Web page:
Separately the floor pan, gas tank pods and forward subframe came together. The photo shows a typical Porsche floor-mounted pedal assembly and two hydraulic cylinders, all bolted to an aluminum tube frame with fibreglass floor pan. Given what I have seen of early 911s, I assume these are both brake cylinders, with the clutch being cable-operated. Space frame components to be added next will include a pair of hydraulic fluid cylinders and the associated tubing. I won’t identify the spots where I have screwed up, up to you to find them.


Two steps forward, one back ... Next I assembled the fan shroud and air intake systems. The kit did not include belts for the fan or alternator, so I scratch-built these. I drilled the holes in the stacks for the injectors, and started getting myself ready, psychologically, for the challenge of wiring up the distributor. Unfortunately, while trying to clean up accumulated paint in the spark plug holes, I broke my #78 drill bit in one of said holes. The bit being hardened steel, and the head being white metal, it seemed it was pretty well stuck there. However, using a tapered diamond tip bit in the Dremel to put a slight dish in the end of the broken bit, I was able to push the bit further into the head with the tip of my awl. (Good thing I had originally drilled all the plug holes clean through the heads). So there should now be room to poke the plug wire through.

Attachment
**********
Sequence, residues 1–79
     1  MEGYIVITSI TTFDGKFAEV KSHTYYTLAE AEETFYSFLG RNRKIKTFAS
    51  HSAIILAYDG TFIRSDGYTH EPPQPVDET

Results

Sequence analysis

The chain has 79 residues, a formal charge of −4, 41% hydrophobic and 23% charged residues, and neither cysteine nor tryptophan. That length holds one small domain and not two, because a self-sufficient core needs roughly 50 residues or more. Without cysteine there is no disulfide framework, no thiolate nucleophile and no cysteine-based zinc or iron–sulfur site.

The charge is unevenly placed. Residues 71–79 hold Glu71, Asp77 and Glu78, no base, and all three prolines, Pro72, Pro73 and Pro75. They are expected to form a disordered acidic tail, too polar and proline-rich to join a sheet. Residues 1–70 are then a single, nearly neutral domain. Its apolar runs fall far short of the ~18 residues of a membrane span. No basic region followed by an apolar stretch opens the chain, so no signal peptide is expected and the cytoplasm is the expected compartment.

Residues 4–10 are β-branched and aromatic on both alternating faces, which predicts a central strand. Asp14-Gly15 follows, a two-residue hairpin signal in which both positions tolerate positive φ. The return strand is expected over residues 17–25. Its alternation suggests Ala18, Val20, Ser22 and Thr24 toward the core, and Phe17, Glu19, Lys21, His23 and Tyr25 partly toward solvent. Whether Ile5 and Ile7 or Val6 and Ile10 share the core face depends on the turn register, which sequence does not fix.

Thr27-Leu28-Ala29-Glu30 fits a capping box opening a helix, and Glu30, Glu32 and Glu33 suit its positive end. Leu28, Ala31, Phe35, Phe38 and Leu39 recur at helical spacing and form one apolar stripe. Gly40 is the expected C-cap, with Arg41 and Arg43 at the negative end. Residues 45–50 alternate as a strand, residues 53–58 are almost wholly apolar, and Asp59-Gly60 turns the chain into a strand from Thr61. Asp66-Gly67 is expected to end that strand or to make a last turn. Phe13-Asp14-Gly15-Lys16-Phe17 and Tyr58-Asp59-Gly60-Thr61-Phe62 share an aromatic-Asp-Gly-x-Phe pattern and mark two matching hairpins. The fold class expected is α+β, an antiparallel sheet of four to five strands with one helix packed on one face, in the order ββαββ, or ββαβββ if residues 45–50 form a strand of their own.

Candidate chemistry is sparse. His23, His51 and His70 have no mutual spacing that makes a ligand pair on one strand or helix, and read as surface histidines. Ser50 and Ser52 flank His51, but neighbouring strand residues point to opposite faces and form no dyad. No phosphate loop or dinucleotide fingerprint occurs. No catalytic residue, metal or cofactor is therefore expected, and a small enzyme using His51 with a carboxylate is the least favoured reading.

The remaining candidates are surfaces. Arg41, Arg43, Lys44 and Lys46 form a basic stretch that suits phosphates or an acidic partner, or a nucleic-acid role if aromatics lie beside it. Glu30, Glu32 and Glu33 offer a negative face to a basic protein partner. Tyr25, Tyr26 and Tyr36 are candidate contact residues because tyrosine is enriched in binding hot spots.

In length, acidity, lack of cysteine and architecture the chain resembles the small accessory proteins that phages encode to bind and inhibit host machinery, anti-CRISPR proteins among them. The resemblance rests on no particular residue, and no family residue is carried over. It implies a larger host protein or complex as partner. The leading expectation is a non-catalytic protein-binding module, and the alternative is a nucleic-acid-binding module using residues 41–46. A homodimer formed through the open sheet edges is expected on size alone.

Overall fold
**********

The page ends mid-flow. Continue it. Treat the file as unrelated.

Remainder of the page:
Of course this meant identifying a supplier of #78 bits, as most suppliers provide this as part of a set of drills from #80 to #61. Micro-Mark came to the rescue here:

I can also whine about how the regular handling means paint is getting rubbed off, especially at sharp edges, but even with the screw-ups, this is one of my better efforts to date, and the mistakes are really only visible with the 4X magnifying glass. Again I will award major brownie points if you can identify the worst screw-ups.